There's something very heart warming about a farmer who wears the love of his farm on the sleeve of his blue work shirt.. As our tour bus approached the lane to his farm, there was John Williams standing at the road, smiling and waving. I was struck by his obvious enthusiasm. It wasn't hard to see that he was eager to welcome us in and show off the wonderful things he had been doing and creating, in hopes that we would spread the word that real farmers still do exist and that their products are natural as they ever were and available to all who would want to come and see for themselves.
As a regular at the Barrie Farmer's Market, John is well practiced in setting up a nice display, so the first place he led us to was a table set out with goodies under a canopy. In the centre of this was a large tray of rustic bread triangles, each spread with a generous topping of farm made maple butter. As usual, I'm the odd person out as I do not like maple syrup (overdid it in childhood - long story), but all the oohs and ahs coming from the other writers told me all I needed to know - this stuff is delicious!
I think John would have enjoyed having us there all day. I feel like he is a deep well of agricultural knowledge and would have liked to share much more of it with us and most likely would have shown us around his field crops and sugar bush. He decided that the best use of our short time on his farm would be to bring us into the heart of his maple syrup business, the 1874 barn. John loves that barn. I understand that because I love old barns too. There's something special and thought provoking about a structure made 140 years ago, by men born some 170 years ago from stone, and from timbers of trees that were seedlings in the 1700s - if those barns could talk!
Williams Farm has 2,700 taps on maple trees in the area. This year, they produced 3,330 litres of the sweet stuff! All of the sap has to be brought into the barn, at a faster and faster pace as the season goes on, to be put into the huge stainless steel, wood fired evaporator. John has been involved in the making of maple syrup since he was 13 years old. Hmmm, I wonder if he still likes maple syrup himself? I should have asked.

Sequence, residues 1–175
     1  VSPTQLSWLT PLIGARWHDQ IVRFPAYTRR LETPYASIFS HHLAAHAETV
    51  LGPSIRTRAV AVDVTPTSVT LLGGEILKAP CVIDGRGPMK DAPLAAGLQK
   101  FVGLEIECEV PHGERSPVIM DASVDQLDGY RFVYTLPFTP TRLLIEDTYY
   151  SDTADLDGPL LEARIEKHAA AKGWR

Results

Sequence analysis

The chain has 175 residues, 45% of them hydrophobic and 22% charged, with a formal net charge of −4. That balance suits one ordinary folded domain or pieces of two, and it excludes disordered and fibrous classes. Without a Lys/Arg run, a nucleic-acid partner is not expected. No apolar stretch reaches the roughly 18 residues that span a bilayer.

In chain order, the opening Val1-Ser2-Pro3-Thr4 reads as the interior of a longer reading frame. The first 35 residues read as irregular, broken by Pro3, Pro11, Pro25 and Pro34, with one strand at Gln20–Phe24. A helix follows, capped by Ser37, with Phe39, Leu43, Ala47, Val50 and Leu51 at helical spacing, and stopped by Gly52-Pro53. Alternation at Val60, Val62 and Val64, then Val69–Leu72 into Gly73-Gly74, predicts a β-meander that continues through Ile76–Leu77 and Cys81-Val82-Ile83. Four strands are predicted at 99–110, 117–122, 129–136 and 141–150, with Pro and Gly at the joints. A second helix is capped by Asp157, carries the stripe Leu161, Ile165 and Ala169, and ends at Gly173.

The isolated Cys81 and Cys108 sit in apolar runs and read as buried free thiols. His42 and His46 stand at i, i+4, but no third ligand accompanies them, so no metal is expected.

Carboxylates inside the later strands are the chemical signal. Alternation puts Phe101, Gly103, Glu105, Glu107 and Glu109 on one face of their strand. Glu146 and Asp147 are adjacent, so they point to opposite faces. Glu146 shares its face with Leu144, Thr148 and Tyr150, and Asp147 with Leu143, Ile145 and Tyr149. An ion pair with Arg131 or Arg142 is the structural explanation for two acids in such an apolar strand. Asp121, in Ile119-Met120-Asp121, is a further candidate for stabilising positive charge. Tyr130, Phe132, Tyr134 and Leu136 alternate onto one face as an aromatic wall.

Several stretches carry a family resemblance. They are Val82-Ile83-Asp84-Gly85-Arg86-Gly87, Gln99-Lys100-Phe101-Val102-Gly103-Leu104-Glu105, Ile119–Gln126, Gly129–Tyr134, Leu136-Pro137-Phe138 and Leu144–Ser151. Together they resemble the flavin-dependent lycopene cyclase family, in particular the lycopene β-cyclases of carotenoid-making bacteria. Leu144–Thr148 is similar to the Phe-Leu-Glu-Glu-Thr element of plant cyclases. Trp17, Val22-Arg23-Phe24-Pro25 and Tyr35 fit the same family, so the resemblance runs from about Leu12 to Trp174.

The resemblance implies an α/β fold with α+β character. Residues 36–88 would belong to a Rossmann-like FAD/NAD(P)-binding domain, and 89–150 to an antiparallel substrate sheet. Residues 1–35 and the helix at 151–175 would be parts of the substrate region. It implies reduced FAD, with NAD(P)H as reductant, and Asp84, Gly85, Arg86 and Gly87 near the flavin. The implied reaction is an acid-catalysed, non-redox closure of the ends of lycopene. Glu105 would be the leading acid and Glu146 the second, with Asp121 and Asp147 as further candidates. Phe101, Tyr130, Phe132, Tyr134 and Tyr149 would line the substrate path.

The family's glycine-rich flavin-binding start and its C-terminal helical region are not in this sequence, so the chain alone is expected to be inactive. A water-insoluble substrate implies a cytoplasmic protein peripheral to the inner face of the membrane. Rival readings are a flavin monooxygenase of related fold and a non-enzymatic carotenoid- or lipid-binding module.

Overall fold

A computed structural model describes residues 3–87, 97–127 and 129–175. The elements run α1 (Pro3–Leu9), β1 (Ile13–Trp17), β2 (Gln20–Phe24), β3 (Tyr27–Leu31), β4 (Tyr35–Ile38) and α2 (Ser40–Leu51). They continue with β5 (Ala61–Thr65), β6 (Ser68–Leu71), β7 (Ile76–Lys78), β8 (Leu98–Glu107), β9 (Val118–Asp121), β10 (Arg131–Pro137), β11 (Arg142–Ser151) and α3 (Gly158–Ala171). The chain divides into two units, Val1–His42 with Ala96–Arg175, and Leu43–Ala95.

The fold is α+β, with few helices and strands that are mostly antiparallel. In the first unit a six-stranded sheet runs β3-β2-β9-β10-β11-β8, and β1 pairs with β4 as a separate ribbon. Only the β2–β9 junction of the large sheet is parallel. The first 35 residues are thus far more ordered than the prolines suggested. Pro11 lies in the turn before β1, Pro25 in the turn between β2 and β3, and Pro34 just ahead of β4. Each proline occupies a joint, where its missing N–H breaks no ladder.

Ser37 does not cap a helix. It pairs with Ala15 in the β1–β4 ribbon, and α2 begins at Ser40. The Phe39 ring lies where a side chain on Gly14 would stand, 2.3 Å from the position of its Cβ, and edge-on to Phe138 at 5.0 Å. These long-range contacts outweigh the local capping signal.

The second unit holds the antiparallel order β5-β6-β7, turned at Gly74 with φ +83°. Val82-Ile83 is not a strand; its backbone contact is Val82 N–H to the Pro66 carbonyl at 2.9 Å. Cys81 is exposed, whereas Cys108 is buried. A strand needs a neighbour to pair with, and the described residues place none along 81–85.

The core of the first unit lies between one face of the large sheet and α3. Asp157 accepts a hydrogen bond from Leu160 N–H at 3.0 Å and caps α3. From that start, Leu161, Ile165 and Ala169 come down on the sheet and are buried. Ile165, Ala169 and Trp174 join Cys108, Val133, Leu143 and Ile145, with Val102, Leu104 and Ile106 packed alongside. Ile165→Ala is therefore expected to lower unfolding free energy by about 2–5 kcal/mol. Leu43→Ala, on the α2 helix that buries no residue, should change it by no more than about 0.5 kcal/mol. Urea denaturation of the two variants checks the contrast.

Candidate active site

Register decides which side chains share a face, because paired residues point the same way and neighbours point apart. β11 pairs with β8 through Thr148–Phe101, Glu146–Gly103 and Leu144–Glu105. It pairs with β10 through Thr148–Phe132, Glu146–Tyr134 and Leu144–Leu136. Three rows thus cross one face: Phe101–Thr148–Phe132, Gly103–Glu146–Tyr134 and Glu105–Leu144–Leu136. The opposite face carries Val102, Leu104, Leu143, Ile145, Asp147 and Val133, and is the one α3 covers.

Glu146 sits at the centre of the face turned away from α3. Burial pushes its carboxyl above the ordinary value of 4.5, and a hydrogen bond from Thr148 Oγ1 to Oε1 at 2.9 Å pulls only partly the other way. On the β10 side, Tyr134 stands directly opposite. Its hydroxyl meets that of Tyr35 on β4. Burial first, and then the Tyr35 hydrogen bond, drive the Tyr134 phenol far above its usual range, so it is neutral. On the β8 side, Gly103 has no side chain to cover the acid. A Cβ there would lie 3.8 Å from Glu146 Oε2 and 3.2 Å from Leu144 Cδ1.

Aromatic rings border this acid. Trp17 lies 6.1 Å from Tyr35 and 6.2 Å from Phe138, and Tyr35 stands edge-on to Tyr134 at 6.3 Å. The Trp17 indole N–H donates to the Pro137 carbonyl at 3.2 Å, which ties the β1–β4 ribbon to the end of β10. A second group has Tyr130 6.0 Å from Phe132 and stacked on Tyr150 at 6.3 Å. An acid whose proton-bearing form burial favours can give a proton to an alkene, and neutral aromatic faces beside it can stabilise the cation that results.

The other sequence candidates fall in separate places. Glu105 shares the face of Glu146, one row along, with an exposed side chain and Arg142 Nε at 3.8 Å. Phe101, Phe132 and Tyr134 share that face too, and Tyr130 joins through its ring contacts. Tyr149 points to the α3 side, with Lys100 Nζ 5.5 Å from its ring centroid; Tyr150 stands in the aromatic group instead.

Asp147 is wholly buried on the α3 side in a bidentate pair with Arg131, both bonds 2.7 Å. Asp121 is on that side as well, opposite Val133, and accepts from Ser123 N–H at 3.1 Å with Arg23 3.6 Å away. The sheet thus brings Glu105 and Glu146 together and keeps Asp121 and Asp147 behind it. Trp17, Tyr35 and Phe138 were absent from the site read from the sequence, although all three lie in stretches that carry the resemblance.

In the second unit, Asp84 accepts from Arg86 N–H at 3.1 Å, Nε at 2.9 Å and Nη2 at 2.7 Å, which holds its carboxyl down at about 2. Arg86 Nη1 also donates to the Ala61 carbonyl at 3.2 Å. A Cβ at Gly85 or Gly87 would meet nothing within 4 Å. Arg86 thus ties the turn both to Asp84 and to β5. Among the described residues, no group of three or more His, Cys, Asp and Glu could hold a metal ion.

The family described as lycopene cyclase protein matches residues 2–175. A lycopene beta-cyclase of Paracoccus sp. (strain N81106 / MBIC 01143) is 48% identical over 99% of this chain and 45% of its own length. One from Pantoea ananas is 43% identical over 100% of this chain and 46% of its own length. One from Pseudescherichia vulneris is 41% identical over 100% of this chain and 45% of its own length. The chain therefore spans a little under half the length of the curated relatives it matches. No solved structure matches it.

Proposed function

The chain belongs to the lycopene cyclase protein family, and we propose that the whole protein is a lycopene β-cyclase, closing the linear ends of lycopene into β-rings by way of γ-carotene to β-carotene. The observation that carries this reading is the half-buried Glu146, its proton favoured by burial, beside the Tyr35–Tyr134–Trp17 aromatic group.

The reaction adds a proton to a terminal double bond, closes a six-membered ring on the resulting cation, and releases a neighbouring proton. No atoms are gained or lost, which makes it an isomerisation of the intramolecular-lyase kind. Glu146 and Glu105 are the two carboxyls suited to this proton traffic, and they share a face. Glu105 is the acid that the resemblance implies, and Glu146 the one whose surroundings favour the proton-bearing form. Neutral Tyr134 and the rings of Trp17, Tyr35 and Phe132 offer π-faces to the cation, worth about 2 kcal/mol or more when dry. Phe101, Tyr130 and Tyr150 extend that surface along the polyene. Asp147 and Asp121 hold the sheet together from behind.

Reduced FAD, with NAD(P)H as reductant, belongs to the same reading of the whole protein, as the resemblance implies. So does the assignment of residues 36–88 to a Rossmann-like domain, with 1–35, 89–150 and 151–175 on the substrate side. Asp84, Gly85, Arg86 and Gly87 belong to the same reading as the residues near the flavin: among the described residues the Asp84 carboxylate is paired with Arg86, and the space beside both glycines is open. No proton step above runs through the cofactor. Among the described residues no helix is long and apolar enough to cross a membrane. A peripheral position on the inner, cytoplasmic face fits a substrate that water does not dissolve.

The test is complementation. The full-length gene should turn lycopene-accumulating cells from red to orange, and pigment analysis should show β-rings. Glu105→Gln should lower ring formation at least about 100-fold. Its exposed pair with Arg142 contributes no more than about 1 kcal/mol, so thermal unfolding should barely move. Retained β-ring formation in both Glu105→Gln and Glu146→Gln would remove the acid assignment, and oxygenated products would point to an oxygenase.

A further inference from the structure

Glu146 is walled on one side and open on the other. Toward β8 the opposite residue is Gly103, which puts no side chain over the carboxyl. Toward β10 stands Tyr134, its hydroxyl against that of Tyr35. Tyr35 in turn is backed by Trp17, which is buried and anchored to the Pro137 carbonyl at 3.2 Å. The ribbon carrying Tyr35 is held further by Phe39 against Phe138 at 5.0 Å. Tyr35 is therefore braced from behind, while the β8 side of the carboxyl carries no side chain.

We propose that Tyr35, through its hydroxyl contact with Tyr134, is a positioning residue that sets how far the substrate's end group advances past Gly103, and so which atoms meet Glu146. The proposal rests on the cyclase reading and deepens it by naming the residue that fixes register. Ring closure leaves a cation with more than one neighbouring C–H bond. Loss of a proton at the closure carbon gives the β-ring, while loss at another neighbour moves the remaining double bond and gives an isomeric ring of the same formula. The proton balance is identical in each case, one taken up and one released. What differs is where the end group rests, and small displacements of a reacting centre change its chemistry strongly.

John is not a one trick pony. I would be doing Williams Farm a disservice if I neglected to mention their other wonderful organic products. Last year, they brought from the earth 20,000 lbs. of carrots, 36,000 heads of garlic, 5,000 lbs. of beets and a half ton of salad greens. Everyone is welcome to take a drive out to the farm and have a look. This is stop number 2 on the Huronia Food Trail, and John and his family would be really pleased to have you stop in and see them from 10 - 5 on Thursday, Friday or Saturday. Some of their bottled products are available all the time in their little mini shop in front of the house. There's even an old fashioned honour jar where you can drop your payment if no one is home.
Our parting gift was a big bag of garlic scapes. Have you heard of those? No, neither had I. I learned that they are the flowering bud of the garlic plant. They must be cut off to allow the garlic bulb to grow strong, but the side bonus is that the scapes are mildly garlicky themselves and make a great addition to stir frys and omelettes. Someone in the group said they liked them in fried potatoes. I made a pot of leek and potato soup when I got home and popped some scapes in, with excellent results. I am now inspired to try my hand at growing garlic myself. That will have to wait until the fall, because like tulips, they go into the ground late in the year and are not enjoyed until much later - August, in the case of garlic.
Check out Williams Farm at 2193 Wood Rd., just south of Midland. Call John at (705)818-8036 or send him an email at firstname.lastname@example.org